Posted in Life

But what’s wrong with me?

Throughout my teen years (and well into my ad, I wanted by to be liked in a large crowd, but I often felt overshadowed and unable to express my personality. It wasn’t until late high school and into my college years, I figured out what was “wrong” with me. I’m an introvert, which just means I gain my energy from being alone. For me it also means I do my best thinking when I’m quiet and alone, and this often translates into my thoughts being too slow to be relevant when I’m surrounded by a large group.

It was only through realizing and appreciating my personality that I began to figure out how to make it in this world where extrovertism is valued. Think about it. Group work is pushed in school, and team collaboration is a hot topic in most work environments. There is value placed on always being busy. Leaders get their positions because they speak up. Because of this societal standard, I have to adapt. Each day, I put on the guise of someone who thrives on being around people when I really crave quiet. This does not mean I can’t enjoy people time. In fact there are times I crave social interaction, but too much and I start to feel the need to be still and quiet even if all around me is bustling.

I often feel overlooked because I am introspective. In a crowded room, I tend to become the observer with an occasional comment. My senses become so overloaded that I just have to step back and let others take the stage no matter how badly I want to be noticed. This is one reason I write; in a world where thoughts are spoken loudly and fast, I often feel as if my thoughts move too slowly and are spoken too quietly to be heard. When I write, I have time to get my words out before someone else interrupts or speaks over me. This is also why I make walking a part of my schedule almost every day. After a day of teaching and interacting, I need that thirty minutes to an hour of just quiet. While I do enjoy walks with other people, I also need time with just my head.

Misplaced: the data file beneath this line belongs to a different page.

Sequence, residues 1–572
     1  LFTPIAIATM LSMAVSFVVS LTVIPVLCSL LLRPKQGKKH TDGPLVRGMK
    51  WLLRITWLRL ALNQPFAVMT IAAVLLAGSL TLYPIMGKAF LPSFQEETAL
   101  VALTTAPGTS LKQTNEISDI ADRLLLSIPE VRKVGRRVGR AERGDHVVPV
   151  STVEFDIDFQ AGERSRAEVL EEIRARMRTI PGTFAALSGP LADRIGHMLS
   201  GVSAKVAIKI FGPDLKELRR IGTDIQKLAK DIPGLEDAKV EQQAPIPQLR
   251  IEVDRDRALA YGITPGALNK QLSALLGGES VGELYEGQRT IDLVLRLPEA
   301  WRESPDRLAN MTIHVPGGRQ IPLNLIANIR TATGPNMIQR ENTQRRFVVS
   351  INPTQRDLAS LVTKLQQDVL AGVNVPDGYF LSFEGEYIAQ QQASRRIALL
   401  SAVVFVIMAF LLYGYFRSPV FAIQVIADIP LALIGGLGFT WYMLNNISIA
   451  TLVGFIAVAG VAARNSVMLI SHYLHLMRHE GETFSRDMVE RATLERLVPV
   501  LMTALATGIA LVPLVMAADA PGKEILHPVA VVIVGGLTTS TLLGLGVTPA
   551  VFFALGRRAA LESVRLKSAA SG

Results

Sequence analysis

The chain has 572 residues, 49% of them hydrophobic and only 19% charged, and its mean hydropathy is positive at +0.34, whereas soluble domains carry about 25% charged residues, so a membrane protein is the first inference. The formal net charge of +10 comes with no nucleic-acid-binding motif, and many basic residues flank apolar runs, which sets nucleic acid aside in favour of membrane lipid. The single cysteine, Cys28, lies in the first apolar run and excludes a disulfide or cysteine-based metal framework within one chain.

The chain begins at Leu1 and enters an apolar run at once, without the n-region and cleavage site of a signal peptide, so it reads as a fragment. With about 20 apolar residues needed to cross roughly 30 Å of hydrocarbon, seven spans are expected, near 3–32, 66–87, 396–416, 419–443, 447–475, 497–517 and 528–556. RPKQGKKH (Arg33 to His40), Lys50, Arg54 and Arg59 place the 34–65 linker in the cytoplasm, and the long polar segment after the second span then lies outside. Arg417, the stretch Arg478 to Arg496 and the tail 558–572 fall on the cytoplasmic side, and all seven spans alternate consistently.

The beautiful thing is that the world needs all types of people: introvert, extrovert, and everything in between. God created the world full of people with all kinds of personalities because humans reflect God’s character which contains both introvert and extrovert qualities. Sometimes God speaks loudly as when he created the world or sent storms. Sometimes he, in his human form of Jesus, was seen surrounded by large crowds. Other times though, God speaks very quietly in the stillness of our hearts. He tells us to be still. Even Jesus needed to get away from the crowds.
I encourage the introverts to value your personality. For a long time I felt as if something was wrong with me because I didn’t want to be at the center of the party or even at the party sometimes. I wondered why even when I wanted attention, no one seemed to be able to hear me. Then I started to be okay with who I am. That’s when I realized there are things people can appreciate about introverts. I’ve been told that, when I fully embrace my personality and stop striving, I can be very good at listening. Finally, while you’re appreciating your personality, do stretch yourself a bit to live in the extroverted world.
To the extroverts, I encourage you to continue being who you are but occasionally be quiet and let the introverts shine a bit. Appreciate those quiet beings as a needed contrast to your own vivacious personality. Finally reach out to an introvert who needs to get out of their head, but do be ready to spend different time together than you would with another extrovert.

(Many of my thoughts for this post were kickstarted my a series of Ted Talks on the Ted Radio hour by John Francis, Susan Cain, and Megan Washington. I suggest you check out their individual Ted Talks or the entire radio hour.)



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